By Mathew Goldstein
John Loftus argues that "atheism therefore is not a belief ..." in a 7/22 post titled "Once Again, Atheism is Not a Belief Nor a Religion" on his blog Debunking Christianity. This is wrong. Atheism certainly can be, and often is, a belief. Also, implicit in this argument that atheism is not a belief, which is usually made by atheists on behalf of atheism, is a mistaken notion that having beliefs is bad. Belief is an essential means to an end and as such a belief can be wrong or right, justified or unjustified. However, belief as a phenomena has no intrinsic property of being bad or good.
Beliefs are the basis for our making our decisions. We plan for tomorrow because we believe that tomorrow will follow after today. Beliefs are a property of being human. Every educated adult has thousands of beliefs. We are arguably born with certain basic beliefs, a result of evolution giving us the means to navigate our world and survive to eventually become experienced, educated adults. We can't eliminate the phenomena of beliefs anymore than we can eliminate the phenomena of chemistry and physics.
Mr. Loftus appears to incorrectly equate beliefs with religion. I think it should be obvious that while religion is rooted in beliefs, many beliefs have nothing to do with religion. Mr. Loftus is correct when he says that atheism is not a religion. Indeed, modern atheism tends to have an anti-religion orientation. Serious followers of ancient philosophical Eastern religions that were initially atheistic have tended to add theistic beliefs to those traditions whereas today's atheists are probably going to be less likely to take such religious traditions seriously as having any special merit over more modern and competing philosophies that are better rooted in modern knowledge. But it doesn't follow that atheism is not a belief.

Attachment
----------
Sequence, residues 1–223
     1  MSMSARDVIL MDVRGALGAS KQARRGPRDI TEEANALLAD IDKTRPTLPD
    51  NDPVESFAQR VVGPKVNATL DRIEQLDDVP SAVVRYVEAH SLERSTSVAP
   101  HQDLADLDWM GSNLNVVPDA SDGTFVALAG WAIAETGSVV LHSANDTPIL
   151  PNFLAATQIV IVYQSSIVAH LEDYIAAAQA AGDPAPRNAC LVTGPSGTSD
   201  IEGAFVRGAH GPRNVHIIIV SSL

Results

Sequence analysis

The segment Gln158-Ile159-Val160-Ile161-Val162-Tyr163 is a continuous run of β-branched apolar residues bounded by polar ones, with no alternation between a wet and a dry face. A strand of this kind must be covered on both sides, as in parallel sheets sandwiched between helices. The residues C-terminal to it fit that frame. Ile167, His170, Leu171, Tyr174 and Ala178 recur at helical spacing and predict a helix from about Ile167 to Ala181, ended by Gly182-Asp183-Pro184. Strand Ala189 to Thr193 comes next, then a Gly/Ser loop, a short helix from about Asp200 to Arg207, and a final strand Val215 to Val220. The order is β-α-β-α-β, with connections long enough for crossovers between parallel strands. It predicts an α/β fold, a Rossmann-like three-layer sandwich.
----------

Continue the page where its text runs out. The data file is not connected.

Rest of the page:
Atheists can, and do, believe that there are no gods. I don't think an insistence that everyone say we don't believe in gods and stop there is either realistic or proper, nor is doing that what atheism is all about. When the overall direction of evidence weighs in favor of a conclusion we shouldn't shy away from that conclusion just because by asserting a conclusion we are taking sides. There is nothing wrong with taking sides. Having a belief, as long as the belief is properly justified by the available evidence, is not a mistake, its not a problem. The mistake, in the context of holding beliefs, is not following the evidence, which is synonymous with having unjustified beliefs.
Having no belief where a belief is justified is thus also a mistake. The evidence always comes first, the belief is compelled from the evidence. We don't choose our properly justified beliefs. The evidence chooses our beliefs, all we can do is follow. If we find that the evidence is positively against X then it follows accordingly that we positively believe that X is false and we should say so. Refusing to take a position in the name of having no beliefs is not a way of upholding an ethical value. On the contrary, its the mirror image of the mistake of having a belief where no belief is warranted and is equally wrong.